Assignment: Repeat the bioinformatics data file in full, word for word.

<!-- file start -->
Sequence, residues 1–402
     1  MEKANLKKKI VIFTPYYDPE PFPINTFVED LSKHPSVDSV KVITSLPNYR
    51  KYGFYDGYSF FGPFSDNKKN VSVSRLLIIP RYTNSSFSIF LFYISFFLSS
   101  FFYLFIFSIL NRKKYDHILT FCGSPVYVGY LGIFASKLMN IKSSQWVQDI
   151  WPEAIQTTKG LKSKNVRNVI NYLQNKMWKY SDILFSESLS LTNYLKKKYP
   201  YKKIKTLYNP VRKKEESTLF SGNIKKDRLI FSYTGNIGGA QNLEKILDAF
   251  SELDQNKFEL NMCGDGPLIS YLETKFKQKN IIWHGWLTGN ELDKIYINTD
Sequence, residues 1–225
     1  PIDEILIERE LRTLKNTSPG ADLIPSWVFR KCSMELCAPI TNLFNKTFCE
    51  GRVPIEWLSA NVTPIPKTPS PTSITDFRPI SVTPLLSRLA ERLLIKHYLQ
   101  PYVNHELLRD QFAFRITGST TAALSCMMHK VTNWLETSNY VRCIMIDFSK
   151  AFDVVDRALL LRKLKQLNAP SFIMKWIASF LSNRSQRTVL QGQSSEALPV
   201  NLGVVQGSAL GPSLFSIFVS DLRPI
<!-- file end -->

Sequence, residues 1–402
     1  MEKANLKKKI VIFTPYYDPE PFPINTFVED LSKHPSVDSV KVITSLPNYR
    51  KYGFYDGYSF FGPFSDNKKN VSVSRLLIIP RYTNSSFSIF LFYISFFLSS
   101  FFYLFIFSIL NRKKYDHILT FCGSPVYVGY LGIFASKLMN IKSSQWVQDI
   151  WPEAIQTTKG LKSKNVRNVI NYLQNKMWKY SDILFSESLS LTNYLKKKYP
   201  YKKIKTLYNP VRKKEESTLF SGNIKKDRLI FSYTGNIGGA QNLEKILDAF
   251  SELDQNKFEL NMCGDGPLIS YLETKFKQKN IIWHGWLTGN ELDKIYINTD
Sequence, residues 1–225
     1  PIDEILIERE LRTLKNTSPG ADLIPSWVFR KCSMELCAPI TNLFNKTFCE
    51  GRVPIEWLSA NVTPIPKTPS PTSITDFRPI SVTPLLSRLA ERLLIKHYLQ
   101  PYVNHELLRD QFAFRITGST TAALSCMMHK VTNWLETSNY VRCIMIDFSK
   151  AFDVVDRALL LRKLKQLNAP SFIMKWIASF LSNRSQRTVL QGQSSEALPV
   201  NLGVVQGSAL GPSLFSIFVS DLRPI